Interview: Ava Wong Davies writer of Graceland at Royal Court Theatre
We caught up with one-to-watch playwright Ava Wong Davies to talk about her explosive new show Graceland at Royal Court Theatre. The show premieres in Sloane Square in February and tackles issues around love as a most raw and brutal life force.
Tell us about Graceland. How did the idea come about and what should we expect?
The initial idea came during the third Covid lockdown – I was isolating alone, and, like many other people, was struck with an acute sense of loneliness. At the time, I was on the Royal Court’s writers group looking for an idea for a play, and I wanted to write something about sublimating yourself completely into someone when you’re in love, and about whether or not it’s possible to retain your sense of self when you’re seeking romantic contact so intensely. Two years later and you can expect a relatable, bruising, honest monologue about a young woman who loses herself completely, then begins to find herself again.
How does it feel to have your debut at the Royal Court Theatre after doing their writer’s programme?
It’s a complete dream to have a play at the Royal Court – so many of my favourite writers have had their work staged here.
There was a lot of support given to me by the leader and members of the writers group who encouraged me to pursue the idea, and by the Court’s associate director and literary manager, who really took this play under their wing and championed it as much as they pushed me to make it better.
Who or what inspires you to write?
Writing a play takes forever and you’re often on your own while you do it, as opposed to writing TV, so I’ve found that the only plays worth writing are the ones which feel like they’ve come from a completely honest place – that means I get ideas really slowly, because I basically just have to figure out what the scary question is inside me that I need to try and answer, which tends to be something pretty exposing and vulnerable – but that’s pretty much always the thing I feel like I need to explore the most.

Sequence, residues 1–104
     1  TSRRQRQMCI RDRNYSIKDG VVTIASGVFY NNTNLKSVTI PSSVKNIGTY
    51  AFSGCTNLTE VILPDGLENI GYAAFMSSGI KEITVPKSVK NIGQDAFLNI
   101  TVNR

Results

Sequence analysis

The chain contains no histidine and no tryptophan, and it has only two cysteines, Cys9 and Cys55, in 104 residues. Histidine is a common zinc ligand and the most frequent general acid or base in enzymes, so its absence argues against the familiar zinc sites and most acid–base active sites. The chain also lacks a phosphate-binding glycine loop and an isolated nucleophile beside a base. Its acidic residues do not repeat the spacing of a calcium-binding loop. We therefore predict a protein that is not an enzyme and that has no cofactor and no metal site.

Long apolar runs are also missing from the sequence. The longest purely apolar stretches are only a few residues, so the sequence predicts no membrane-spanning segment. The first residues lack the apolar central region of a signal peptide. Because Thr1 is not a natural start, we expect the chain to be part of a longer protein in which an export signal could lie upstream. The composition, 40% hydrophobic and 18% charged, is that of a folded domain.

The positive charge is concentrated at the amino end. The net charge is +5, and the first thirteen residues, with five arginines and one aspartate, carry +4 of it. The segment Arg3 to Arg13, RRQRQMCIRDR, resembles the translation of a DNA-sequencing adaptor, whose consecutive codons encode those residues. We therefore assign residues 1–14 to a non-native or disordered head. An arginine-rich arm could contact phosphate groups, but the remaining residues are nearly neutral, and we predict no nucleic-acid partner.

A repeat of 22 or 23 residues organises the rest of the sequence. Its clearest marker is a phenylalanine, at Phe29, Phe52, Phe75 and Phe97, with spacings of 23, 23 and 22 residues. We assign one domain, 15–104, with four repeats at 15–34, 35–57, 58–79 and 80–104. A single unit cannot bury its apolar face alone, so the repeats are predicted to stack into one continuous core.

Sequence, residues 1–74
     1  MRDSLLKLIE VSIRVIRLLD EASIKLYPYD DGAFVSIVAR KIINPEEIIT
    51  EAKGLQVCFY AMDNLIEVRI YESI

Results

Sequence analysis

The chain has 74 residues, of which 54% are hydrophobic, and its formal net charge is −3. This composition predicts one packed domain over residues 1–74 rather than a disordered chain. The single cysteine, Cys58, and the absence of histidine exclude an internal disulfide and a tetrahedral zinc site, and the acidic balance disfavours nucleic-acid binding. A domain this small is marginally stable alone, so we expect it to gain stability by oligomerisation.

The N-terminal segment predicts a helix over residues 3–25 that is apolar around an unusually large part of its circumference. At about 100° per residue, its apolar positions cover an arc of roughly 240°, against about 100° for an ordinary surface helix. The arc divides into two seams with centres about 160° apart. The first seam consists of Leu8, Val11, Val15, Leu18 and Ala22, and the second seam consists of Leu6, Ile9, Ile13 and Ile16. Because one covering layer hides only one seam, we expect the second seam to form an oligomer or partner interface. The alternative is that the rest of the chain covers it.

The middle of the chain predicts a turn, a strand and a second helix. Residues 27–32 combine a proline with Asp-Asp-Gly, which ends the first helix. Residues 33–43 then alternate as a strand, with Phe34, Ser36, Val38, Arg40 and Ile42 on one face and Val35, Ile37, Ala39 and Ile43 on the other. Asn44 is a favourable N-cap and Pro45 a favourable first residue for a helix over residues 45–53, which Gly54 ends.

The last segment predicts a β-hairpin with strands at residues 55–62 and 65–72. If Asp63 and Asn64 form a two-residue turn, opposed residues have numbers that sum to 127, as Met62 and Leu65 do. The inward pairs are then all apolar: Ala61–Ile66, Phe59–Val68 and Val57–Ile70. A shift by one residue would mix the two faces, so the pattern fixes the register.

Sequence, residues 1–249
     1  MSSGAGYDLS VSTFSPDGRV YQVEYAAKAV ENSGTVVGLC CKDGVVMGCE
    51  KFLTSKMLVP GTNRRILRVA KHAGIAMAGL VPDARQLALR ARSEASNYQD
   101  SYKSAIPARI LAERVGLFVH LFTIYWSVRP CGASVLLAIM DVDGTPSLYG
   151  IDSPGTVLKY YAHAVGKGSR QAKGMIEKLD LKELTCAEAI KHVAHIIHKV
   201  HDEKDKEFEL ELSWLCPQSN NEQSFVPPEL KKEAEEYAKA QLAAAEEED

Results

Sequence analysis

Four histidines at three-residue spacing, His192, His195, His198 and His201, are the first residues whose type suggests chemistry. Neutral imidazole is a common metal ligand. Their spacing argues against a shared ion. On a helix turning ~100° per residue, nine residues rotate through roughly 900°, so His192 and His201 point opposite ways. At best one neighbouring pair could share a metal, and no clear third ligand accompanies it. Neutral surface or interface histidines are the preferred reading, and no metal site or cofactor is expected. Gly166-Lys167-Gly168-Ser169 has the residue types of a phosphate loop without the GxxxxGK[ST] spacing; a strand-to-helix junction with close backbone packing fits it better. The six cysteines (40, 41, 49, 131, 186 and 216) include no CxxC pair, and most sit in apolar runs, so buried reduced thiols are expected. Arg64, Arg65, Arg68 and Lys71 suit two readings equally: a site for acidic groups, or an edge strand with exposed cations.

What advice would you give to those starting out in writing for theatre?
For me, the absolute worst bit to write is the first draft – that’s when the idea that feels so exciting and perfect in your head starts to feel real and flawed – so you have to muscle through it as quickly as you can, so that you can do the redraft, which is where the play is actually written.
It’s much easier to work with something than with nothing, so just try to keep your head down and plough to the end of the first draft without judging yourself too much – it really is allowed to be rubbish! Then leave it for a while, read it through with fresh eyes, and start redrafting.
What are your favourite London haunts? (to eat, to watch shows, to relax)
I am Joint Editor at To Do List. I like free, cheap & offbeat London, especially: cabaret, art, theatre, pop-ups, eating out, quirky films, museums, day trips, social enterprise & much more.